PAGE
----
Yet another day of internet troubles (and phone, and TV), but hopefully now resolved. Mostly. The guy still has to come back and fix the phones.
And hot hot here, so the kids are indoors most of the day, playing Wii and DS. Or cheering me on as I play Kingdom Rush, which FORTUNATELY I happened to have loaded before the internet went down, so it was playable when nothing else could be done.
I think I finally finished all the SDCC posting. The con may only last 4 1/2 days, but it devours nearly three weeks of my life. Not that I’m complaining!
I spent the morning culling books—a painful but necessary endeavor. We are simply overflowing here. I’m donating most of last year’s CYBILs YA fiction nominees to a school library, if my children don’t tar and feather me for it. But here are a few of the books I am keeping, because they grabbed me:
Three Rivers Rising: A Novel of the Johnstown Flood by Jame Richards.
A verse novel telling the hair-raising and tragic story of the flood that wiped out a town. I have to say I am very finicky when it comes to verse novels. They must not be simply prose with arty line-breaks; the verse must be actual poetry, and good poetry to boot. This book is. I loved the characters, the voices, the water imagery running throughout.
Sorta Like a Rock Star by Matthew Quick.
This is a very quirky book, and I will say candidly that it took me a good eighty pages to really fall in like with the voice. The teenaged narrator has a mannered way of speaking that grew on me slowly. But by the halfway point, I loved her, and I flat-out sobbed for the last fifty pages. It’s a sort of modern-day Pollyanna, if you will, and I mean that as a tremendous compliment. Obviously, since I’m keeping the book!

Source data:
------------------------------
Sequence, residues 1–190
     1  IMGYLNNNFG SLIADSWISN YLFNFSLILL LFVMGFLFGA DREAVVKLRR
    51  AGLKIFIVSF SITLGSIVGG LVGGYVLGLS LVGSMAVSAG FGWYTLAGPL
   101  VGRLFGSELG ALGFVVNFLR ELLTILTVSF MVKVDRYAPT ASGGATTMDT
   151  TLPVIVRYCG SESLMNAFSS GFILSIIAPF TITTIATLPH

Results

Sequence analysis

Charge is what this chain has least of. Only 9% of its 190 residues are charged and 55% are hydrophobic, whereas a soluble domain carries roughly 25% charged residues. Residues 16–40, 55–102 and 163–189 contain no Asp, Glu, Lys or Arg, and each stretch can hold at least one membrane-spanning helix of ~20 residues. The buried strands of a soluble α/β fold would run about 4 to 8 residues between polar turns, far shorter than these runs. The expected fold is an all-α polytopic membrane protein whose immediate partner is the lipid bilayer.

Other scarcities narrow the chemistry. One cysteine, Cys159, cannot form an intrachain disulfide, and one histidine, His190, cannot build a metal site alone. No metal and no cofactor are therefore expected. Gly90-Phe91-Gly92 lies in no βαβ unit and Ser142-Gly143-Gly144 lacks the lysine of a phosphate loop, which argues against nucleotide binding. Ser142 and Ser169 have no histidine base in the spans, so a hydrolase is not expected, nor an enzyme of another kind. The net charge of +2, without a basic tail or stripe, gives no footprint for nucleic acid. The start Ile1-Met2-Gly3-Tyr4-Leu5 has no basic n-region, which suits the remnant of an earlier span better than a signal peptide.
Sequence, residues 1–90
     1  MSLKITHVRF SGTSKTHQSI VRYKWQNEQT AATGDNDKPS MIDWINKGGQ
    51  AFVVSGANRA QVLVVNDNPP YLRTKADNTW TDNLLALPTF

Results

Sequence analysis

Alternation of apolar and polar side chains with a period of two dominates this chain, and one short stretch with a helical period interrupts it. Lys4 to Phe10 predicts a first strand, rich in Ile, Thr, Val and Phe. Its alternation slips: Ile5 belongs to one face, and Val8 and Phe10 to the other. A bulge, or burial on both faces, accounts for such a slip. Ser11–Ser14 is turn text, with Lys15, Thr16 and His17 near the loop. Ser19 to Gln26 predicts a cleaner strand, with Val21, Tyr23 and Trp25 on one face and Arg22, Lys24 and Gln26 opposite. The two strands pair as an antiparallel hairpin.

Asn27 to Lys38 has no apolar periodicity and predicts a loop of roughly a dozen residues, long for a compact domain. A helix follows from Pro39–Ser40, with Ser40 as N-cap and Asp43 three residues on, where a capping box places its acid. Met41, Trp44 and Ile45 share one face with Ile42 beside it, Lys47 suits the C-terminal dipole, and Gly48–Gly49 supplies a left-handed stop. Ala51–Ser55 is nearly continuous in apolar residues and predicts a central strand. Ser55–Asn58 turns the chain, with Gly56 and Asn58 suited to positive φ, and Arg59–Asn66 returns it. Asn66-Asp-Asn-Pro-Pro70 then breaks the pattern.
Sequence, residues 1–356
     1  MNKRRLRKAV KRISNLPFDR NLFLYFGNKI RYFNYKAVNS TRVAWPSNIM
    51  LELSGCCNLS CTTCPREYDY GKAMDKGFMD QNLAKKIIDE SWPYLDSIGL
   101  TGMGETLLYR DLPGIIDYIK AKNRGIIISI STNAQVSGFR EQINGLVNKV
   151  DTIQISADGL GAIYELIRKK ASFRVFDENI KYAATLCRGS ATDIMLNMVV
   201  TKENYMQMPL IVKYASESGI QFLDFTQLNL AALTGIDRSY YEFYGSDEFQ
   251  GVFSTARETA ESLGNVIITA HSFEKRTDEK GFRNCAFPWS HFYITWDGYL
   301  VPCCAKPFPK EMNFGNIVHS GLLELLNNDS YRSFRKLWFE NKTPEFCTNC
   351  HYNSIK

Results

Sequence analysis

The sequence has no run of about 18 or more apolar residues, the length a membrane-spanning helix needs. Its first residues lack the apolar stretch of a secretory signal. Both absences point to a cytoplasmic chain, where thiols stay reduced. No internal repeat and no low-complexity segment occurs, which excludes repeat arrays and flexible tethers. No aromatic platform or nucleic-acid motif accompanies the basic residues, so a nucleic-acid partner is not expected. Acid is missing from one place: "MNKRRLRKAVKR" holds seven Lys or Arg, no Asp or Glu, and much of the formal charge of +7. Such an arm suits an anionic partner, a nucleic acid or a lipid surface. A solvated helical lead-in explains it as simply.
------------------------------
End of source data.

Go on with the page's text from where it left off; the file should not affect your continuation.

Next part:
Stolen by Lucy Christopher.
This thriller became one of our five YA fiction finalists, and I remember saying at the time that this was a book I could see myself rereading. (These days, when ‘so many books, so little time’ has become my woeful reality—I have realized with dismay that I will never, now, read ALL THE BOOKS—to say I will likely spend precious reading minutes on a second or third immersion in a novel is high praise indeed.) It’s a dark tale, about a girl who is abducted and held captive in a remote Australian cabin, utterly dependent on her kidnapper for survival. Harrowing. MInd-messing. Compelling. I’m keeping it.
I’m keeping many others besides those three. And some of my favorite Cybils nominees, alas, were library books, long since returned. Some of the novels I’m donating are very good books indeed, but if I don’t reduce numbers I just might lose my toddler in a maze of bookstacks.
Chesterton and Dickens
Help Me Out
Reading the 20th Century